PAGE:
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Will 2016 be a turning point for Kirby studies?

Happy New Year to all my readers, with thanks for your continued interest and support! I have the feeling that 2016 may be a banner year for the study of Jack Kirby. In that spirit, here are three items of Kirby-related news, one truly new, the other two somewhat-egotistical reminders:

  
1. The latest (Jan. 2016) issue of Art in America, the venerable art-critical magazine, has a comics theme, with several articles related to the medium. To me, the one that leaps out (besides of course another smart article by the great Ryan Holmberg) is Alexi Worth’s on Kirby, titled “Genius in a Box,” a welcome and indeed long-overdue appraisal of Kirby from a fine arts perspective. From my vantagepoint, this is an insightful piece of work, sharp, forcefully expressed, and only occasionally marked by the inevitable boundary issues (comics world vs. arts world). While the essay says a few things I would dispute, in the main I found it thoughtful, invigorating reading, and I’m grateful for it. I’m also grateful to have been cited in it: the Comic Book Apocalypse exhibition figures in the article, along with Dan Nadel’s important curatorial work. (My one complaint would be that Ben Saunders, co-editor of the Apocalypse catalog, should also be cited.)

Worth of course compares Kirby to a number of fine art masters, but also acknowledges that such comparisons don’t quite work, because

[Kirby’s] pictures were conceived as sequences. Continuity was their aim. And that continuity was built around the panel architecture of each page. When a furious Thor swings back his hammer, preparing to destroy a wall, he seems to be aiming his blow at the narrow white border that contains him—the very same border that, in the adjacent panel, frames the satisfying impact of his blow. When the Human Torch flies across the skies of Europe, zooming left, then right, then looping playfully around a quartet of missiles, his progress models the reader’s own zigzagging progress through the page’s quadrants. These are exhilarating sequences, not overpowering single images. That’s their point. For better or worse, much of the beauty of Kirby’s art is bodiless, suspended in the eager forward motion of the reader’s experience: a flight path, not an icon.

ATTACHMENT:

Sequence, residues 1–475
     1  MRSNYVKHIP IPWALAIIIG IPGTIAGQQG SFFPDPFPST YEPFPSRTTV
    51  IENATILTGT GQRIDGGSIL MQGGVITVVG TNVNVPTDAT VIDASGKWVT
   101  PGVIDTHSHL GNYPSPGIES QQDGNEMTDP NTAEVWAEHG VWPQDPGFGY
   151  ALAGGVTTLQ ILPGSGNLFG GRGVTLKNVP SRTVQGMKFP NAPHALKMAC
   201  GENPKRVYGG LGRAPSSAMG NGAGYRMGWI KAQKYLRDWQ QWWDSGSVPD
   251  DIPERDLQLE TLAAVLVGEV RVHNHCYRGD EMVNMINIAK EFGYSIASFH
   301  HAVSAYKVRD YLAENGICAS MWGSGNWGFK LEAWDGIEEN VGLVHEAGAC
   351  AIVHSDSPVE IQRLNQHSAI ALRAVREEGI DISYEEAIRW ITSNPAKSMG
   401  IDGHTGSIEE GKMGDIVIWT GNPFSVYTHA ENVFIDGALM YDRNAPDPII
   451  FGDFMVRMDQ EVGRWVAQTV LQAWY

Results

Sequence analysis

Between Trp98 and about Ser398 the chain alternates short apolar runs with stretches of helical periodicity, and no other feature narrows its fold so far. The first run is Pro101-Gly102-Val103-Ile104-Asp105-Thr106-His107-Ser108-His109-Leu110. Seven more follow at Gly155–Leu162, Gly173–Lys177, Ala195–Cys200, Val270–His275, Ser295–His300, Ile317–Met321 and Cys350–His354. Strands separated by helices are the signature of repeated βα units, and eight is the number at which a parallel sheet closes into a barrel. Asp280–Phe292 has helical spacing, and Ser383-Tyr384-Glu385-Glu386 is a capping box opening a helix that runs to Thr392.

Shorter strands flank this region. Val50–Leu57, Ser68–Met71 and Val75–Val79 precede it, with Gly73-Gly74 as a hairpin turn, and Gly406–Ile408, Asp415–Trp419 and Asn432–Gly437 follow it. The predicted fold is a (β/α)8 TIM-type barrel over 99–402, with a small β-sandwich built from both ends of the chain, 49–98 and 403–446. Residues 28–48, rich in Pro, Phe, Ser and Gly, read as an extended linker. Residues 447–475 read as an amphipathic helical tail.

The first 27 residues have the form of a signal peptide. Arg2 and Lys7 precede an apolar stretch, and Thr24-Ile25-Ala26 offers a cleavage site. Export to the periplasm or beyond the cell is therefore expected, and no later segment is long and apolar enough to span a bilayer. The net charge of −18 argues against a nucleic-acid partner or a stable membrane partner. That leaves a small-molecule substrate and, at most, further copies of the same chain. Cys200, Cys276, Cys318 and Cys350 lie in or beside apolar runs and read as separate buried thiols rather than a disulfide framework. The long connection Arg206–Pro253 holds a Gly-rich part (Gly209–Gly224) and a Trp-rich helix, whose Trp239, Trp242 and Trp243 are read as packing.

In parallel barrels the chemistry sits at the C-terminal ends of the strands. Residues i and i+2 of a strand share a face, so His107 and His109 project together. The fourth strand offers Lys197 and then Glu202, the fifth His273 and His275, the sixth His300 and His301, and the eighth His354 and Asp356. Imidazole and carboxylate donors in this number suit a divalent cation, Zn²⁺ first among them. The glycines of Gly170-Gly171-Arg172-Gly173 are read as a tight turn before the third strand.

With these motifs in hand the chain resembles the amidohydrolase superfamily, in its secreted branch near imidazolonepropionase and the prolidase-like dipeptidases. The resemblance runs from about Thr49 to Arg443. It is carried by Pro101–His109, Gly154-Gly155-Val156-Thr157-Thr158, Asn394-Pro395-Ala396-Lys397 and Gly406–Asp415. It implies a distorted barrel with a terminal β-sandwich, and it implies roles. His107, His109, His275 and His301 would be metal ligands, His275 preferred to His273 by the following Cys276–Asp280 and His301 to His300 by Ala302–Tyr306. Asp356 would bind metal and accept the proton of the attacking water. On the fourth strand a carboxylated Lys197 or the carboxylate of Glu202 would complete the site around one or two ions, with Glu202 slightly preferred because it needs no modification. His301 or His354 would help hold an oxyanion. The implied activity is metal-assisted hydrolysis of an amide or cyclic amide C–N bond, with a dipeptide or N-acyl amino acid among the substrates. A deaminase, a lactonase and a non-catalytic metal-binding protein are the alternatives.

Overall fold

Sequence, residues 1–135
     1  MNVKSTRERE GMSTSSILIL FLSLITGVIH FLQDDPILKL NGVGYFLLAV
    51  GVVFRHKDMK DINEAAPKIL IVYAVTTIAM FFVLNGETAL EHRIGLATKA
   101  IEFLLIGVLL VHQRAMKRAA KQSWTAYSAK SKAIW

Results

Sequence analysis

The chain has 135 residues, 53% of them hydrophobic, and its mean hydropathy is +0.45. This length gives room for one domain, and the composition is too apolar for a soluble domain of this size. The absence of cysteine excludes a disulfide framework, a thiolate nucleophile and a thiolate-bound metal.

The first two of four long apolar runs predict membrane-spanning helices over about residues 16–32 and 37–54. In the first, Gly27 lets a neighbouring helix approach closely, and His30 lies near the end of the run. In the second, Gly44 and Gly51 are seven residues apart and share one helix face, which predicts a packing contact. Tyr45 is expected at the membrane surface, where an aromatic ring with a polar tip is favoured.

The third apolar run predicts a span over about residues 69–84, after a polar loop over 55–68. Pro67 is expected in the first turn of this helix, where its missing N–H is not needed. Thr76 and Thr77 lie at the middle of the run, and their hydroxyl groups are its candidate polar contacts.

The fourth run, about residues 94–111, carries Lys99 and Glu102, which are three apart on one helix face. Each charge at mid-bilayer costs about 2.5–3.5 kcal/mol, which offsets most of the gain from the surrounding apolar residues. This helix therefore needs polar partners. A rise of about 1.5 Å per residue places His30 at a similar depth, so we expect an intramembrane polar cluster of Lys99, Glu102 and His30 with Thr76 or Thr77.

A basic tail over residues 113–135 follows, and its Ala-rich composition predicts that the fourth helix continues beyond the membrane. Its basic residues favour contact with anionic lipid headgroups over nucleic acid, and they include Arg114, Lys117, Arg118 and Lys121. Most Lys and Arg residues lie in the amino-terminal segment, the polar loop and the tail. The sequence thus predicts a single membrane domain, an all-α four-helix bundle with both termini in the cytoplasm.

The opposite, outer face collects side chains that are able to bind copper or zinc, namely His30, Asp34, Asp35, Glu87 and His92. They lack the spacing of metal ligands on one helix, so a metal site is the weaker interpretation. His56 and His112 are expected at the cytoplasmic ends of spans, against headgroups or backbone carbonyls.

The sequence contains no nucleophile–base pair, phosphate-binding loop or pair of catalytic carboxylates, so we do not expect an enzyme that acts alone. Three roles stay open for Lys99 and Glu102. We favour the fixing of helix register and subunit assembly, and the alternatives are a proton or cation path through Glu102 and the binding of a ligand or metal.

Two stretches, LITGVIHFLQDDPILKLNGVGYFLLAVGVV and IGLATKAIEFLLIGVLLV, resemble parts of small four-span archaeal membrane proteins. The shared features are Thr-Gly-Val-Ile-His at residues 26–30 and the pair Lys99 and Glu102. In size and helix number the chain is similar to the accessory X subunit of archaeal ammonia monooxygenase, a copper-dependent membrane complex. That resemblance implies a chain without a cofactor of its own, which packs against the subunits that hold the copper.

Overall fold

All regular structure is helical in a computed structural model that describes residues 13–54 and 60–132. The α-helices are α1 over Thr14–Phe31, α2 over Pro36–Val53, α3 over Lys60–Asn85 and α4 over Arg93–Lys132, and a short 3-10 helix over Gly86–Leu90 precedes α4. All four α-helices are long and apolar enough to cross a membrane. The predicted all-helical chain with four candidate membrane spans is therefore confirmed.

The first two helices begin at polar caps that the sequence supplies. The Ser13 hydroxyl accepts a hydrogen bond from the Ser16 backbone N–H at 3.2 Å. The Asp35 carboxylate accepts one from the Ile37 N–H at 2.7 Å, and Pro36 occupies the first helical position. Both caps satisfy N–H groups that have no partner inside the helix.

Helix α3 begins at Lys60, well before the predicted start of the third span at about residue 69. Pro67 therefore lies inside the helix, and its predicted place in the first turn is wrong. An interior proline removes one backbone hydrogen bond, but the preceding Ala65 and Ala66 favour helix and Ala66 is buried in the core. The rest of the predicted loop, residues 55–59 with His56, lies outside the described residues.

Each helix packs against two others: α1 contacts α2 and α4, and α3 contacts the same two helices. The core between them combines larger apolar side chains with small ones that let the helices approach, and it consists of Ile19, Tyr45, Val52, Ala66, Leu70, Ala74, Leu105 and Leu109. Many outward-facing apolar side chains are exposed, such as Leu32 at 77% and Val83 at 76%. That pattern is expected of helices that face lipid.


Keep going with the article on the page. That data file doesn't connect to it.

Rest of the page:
Exactly right, I think — and with that Worth has put his finger on what was so challenging about arranging a Kirby gallery exhibition.

Responses to Worth’s essay have begun to crop up online. Over at The Comics Journal, Nadel has posted a response praising it. Kirby biographer Mark Evanier has also weighed in, on his blog. Nadel has responded to Evanier, in turn. I’ll be interested to see further responses spin out, over time.

Make no mistake: the Art in America article signals an important shift in the way art critics can talk about Kirby. A turning point?

  
2. The Comic Book Apocalypse catalog makes it to comic book shops this month, on Wednesday, Jan. 27. I hope your local shop will stock it! For more about this, see my post of October 30.